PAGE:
zk blu cover emailIt’s very apparent from the first fifteen minutes that B. Harrison Smith’s ZOMBIE KILLERS: ELEPHANT’S GRAVEYARD is not your typical zombie entry. While most films that fall within the undead subgenre tend to focus solely on special effects and not enough on story, it’s quite the opposite with ZK. While the special effects are just as impressive as any other zombie film, what really sets this one apart from the rest is just how character driven and story-driven it is, giving fans a fresh take on something that unfortunately has become stagnant, and offering fans something that at the end of the day, is incredibly easy to get on board with.

The scope of the film is what brings you in, with a small community living together and surrounded by walls and fences guarded by the “Zombie Killer”, a group of young kids led by Billy Zane’s Seiler character, one that recalls John Wayne’s best performances. Zane plays it quiet and cool in this one, and it really sets the tone. While most zombie films are full speed the whole time, Harrison is able to get you invested in the film’s characters and their back stories and motivations before we even see a single zombie walking around. By the time we see the undead, we’re already well invested into the film and its inhabitants, so when the shit hits the fan (pardon my French), we actually care about what happens to each of them, and we’re given enough characters TO care about. It’s a well cast film, full of genre stars like Felissa Rose playing against type in the best way, as a preacher trying to talk the community into what “God Wants”, adding a strong level of religion to the already hectic mix that the residents are trying to soldier through. Rose’s performance is a great one, and it’s easy to hate her, in the best way.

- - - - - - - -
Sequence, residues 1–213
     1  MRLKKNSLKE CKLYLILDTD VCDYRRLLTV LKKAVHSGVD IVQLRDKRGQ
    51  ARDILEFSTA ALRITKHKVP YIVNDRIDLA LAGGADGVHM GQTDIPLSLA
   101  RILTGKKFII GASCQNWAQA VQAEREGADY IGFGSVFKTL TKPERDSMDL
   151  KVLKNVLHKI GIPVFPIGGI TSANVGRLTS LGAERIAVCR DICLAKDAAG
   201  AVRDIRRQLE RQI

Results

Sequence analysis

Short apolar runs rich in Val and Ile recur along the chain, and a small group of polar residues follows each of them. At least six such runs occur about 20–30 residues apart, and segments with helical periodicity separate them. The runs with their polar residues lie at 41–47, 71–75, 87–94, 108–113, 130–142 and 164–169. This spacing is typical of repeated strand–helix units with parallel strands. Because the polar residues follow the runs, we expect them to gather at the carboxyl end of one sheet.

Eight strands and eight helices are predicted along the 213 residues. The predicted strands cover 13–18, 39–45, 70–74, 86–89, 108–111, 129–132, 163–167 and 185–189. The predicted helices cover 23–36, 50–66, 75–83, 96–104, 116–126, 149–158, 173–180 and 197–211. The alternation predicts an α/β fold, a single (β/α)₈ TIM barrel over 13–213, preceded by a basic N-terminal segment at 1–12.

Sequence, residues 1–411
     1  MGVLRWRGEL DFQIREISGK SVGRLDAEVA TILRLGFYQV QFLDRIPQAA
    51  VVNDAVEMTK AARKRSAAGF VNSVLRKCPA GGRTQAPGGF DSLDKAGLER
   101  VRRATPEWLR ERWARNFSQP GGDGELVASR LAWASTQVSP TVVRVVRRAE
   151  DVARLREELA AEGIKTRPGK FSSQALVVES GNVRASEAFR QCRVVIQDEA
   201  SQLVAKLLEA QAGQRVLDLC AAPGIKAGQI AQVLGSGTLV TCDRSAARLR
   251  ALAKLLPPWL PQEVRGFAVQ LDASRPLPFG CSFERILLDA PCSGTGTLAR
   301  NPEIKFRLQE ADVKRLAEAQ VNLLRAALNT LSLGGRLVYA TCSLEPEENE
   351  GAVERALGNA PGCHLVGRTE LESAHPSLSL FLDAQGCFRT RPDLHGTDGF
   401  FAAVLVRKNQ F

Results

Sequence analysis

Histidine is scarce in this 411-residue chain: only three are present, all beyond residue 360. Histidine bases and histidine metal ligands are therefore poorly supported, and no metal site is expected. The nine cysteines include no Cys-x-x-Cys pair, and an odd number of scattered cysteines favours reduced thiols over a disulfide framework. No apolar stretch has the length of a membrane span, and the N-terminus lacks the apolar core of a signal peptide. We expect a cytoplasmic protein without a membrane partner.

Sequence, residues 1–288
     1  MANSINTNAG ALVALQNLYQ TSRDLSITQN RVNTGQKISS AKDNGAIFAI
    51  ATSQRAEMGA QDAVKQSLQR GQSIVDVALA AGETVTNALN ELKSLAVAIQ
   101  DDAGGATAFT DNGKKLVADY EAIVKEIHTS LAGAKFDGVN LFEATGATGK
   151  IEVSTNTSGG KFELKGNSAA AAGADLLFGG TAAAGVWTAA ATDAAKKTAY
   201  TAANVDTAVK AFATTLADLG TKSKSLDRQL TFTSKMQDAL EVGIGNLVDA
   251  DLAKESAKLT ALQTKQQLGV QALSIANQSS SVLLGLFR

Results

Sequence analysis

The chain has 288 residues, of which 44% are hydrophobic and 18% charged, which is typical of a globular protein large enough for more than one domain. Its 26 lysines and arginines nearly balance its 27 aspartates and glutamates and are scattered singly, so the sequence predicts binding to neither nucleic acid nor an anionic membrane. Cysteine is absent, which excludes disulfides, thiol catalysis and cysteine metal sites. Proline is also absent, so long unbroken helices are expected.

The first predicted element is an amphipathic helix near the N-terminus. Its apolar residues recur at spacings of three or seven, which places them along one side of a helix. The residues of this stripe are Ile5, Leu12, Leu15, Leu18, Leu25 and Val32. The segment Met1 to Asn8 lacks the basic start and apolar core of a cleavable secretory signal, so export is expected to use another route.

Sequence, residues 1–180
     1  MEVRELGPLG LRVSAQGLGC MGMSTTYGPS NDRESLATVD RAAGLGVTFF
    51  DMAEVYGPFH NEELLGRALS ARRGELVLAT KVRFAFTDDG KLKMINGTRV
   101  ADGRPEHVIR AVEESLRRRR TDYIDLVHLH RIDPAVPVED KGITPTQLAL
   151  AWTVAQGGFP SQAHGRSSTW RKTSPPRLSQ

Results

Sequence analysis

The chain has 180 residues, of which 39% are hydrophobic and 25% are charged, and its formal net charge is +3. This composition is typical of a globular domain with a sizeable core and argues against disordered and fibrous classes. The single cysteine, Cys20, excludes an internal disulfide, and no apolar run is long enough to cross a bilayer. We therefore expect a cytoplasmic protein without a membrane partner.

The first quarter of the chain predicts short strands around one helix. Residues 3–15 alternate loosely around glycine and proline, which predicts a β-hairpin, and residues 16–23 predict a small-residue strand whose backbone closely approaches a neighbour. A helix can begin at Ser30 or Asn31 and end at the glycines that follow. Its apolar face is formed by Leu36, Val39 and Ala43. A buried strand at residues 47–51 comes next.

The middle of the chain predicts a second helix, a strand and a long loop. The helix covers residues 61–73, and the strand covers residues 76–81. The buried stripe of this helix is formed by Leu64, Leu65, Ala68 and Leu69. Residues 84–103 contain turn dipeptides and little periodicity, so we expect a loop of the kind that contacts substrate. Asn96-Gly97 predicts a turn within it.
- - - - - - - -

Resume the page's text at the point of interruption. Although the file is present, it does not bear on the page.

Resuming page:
Also filling up the cast, is CUJO/THE HOWLING star Dee Wallace, as the dying mother of the film’s protagonist, a young man who just wants to get away and start a life, away from the zombies and even away from the community, one that has its own agenda and isn’t afraid of throwing its own to the slaughter if it fits the needs of the community’s Dr., a man who is all too familiar with trying to play God.

It’s that closed community beginning to unravel within themselves that just adds to the danger, so when zombies eventually show up, everybody is fighting both the undead AND the living, making the film’s intensity twice as stressful to deal with. It’s a great touch, and something that you just don’t see very often within the zombie subgenre. While The Walking Dead deals a lot with communities and their survivors, it comes off a bit too soap-opera like at times, and ZOMBIE KILLERS: ELEPHANT’S GRAVEYARD never heads into that territory, instead, giving fans a very character driven film that offers a brand new approach and look at a subgenre that until now, has gotten pretty dull. Here’s hoping that the film’s sequel expands on that well-crafted story and characters that live within it.


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  1. […] come back and bite you in the ass. Case in point: in my recent review of the greatly entertaining ZOMBIE KILLERS: ELEPHANT’S GRAVEYARD, I wrote about how enjoyable the subtlety and quiet tone of the film was. Feeling bombarded with […]

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